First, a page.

Today—Spring fever: There’s a
subtle change in the air. Could
it be that spring is in the offing,
when £ young
cy turns lightly
to love and poe
try? But I shall
—for I am not a
young man • .
I’ll write a little
poem. For years
I have written a
spring poem, af
ter, in a poetic
sense, hibernating all winter. Af
ter all, as some have said, He be
no poet who writes not of spring
. . . On second thought, since the
coming of spring brings out a
rash of spring verse, I think I’ll
N Farm Pond Fertilization
By JAMES H. GRIFFIN, Soil Conservationist 1
Now is the time to start fer- 1
tilizing your farm ponds for best ]
fish growth. Chowan County has
about 85 ponds (irrigational and 1
livestock) of which about 45,
ponds have been stocked for fish;
production. These fish were.
furnished by the U. S. Fish and'
Wildlife Service through the I
local Albemarle Soil Conserva
tion District. Some of these
farm ponds have been fertilized
and some have not. The ones
which have been' fertilized are
producing good fishing while
those that have not are produc
ing almost no fish large enough
for the frying pan.
L. E. Francis of Edenton has
been fertilizing his pond and it
has produced some good fishing
in the past. Last year,
was not as good as in the past.
At the request of Mr. Frances,
Fielding Tanner, biologist with
the U. S. Fish and Wildlife Ser
vice seined his pond and found
the fish population out of the
Mr. Fielding suggested a fer
tilizers schedule which includes
120 pounds of 6-8-(f plus 5 pounds
of nitrogen per acre every two
weeks during the summer, start
ing in April.
“To grow bluegills big, raise
your pond’s fertility quickly, as
soon as winter cold begins ts
wane,” say soil and water con
servationists. This is a most sig
nificant fact fish culturists have
learned by experience in recent
years. Farmers have found that
to get and keep good fishing a
regular application of fertilizer
is needed during the summer.
Pond fertilization was first be
gun in America about 1938. Re
sults show that fertilization
should begin about the first of
April. Many pond owners have
been disappointed by waiting
until May or June to start fer
' Bluegills begin to spawn in
May or June. Within two or
th’ree weeks after the eggs
Th. Chmt-on Scienc*
THE CHOWAN HERALD
L- By Wilborne Harrell
forsake my muse this time and
content myself on repeating a
couple of lines I wrote when I
was younger and more in the
And tho I seek my muse
the whole day long.
’Tis only spring that
writes a perfect song.
And that sums it up . . . spring
is the better poet.
Passing parade: Fellow won in
a raffle a doll-baby dressed in
dollar bills . . . What’s unusual
about that? All “babies” are
dressed in money.
Yesterday Chief Cochise,
grandson of the famous Apache
warrior, was a pilot in the Lafay
ette Escadriile during World War
I . . . On a tour of Europe be
fore World War I, Annie Oakley
< hatch, the thousands of little,
Jbluegills are eating all the spare
food. Their parents cannot then
I get food enough to grow even
| with full .water fertility. Yetj
; they continue to spawn all sum- 1
mer and until the first chilly
I nights in the fall—usually Oc-
I tober. During this summer
period the production of bass is
fine. They grow rapidly on the,
thousands of little bluegills
which are the chief bass food. i
When bluegills stop spawning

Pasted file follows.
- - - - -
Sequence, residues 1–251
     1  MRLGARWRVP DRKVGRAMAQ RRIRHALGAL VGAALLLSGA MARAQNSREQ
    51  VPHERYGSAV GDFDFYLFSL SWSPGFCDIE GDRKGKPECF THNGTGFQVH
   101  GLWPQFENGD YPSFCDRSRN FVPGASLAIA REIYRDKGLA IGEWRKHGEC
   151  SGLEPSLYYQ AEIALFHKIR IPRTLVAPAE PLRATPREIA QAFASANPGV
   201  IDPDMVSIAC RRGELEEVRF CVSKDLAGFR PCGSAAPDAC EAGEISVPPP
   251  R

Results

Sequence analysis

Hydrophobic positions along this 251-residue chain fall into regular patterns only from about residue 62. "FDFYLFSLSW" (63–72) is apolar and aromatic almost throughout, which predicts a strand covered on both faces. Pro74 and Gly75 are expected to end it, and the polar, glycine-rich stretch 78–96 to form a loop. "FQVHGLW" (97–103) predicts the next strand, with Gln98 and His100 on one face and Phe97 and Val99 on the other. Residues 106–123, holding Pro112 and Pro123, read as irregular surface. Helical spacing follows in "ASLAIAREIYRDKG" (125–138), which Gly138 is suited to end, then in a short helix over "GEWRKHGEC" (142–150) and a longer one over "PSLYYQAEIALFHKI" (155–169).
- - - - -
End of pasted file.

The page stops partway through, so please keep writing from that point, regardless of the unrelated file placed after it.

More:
in the fall, the bass continue to
eat hundreds of bluegill finger
lings every day. As the bass re- j
duce the number of fingerling
bluegills, the adult bluegills be- 1
gin to grow—slowly at first, then j
more rapidly. Growth is slow j
again during the colder days of (
winter, a# fish feed very Tittle
in cold temperatures. |
Then when the water begins to'
warm a little, bluegills are ready!
to grow larger; but only if the |
water is fertile enough to grow'
a lot of microscopic green algae
to feed more pounds of worms. I
A farmer who waits until late
spring ta renew his pond’s fer- \
tility cannot expect big blue- j
gills. Now is the time to start,
using about 100 pounds of 6-8-61
plus about 5 pounds of nitrogen
per acre. Fertilize until a white
object cannot be seen 12 to 14 '
inches deep in the pond water. 1
Nothing beats a shady spot, a
LISTEN EACH SUNDAY AT 8:45 A. M.
The Melody Five
Edenton’s Own Spiritual Group
OVER RADIO STATION WCDJ
mwmm 'JE'- j
.'it * : >3 .
■* j '• yl a %■' ' . •
j in an exhibition performance shot
j a cigarette out of the 'mouth of
Kaiser Wilhelm of Germany.
Tomorrow Although science
has done much to develop vast
destructive agencies, it has also
done much to alleviate the ills of
mankind. Many diseases have
been completely eradicated or
brought under control, and many
others are well on the way to be
coming a thing of the past. So it
appears, at the way the trend of
medical research rs heading, that
man may look forward to a to
morrow free from disease. One
by one tuberculosis, heart disease,
cancer and polio—the great kill
ers—are being stamped out, and
decades are being added to the
life span of man . . . Truly the
golden age of medical science is
j limber cane pole and a large bass
: or bream on the end of the line
| on a summer day.
j Weekly Devotiona f
I Bv JAMES MaeRRNZTR !
J Lr. L. Nelson Bell, father-in
! law of Billy Graham, is also As
soicate Editor of The Southern
1 Presbyterian Journal. Recently
he was awarded the George
! Washington Honor Medal by the
Freedoms Foundation of Valley
Forge, for’ writing the top edi
j torial of 1957} Here is a conden
sation of it:
The writer was recently invited
1 to sit in a group called together
! to hear a recording produced by
Army officers assigned to the task
l of ascertaining why so many
J American prisoners of war in
jKo rea succumbed to “brain
washing,” and as a result collab
orated with' their captors.
| It was a depressing experi
: ence. This report is the result of
i several years painstaking study;
I of personal interviews with hun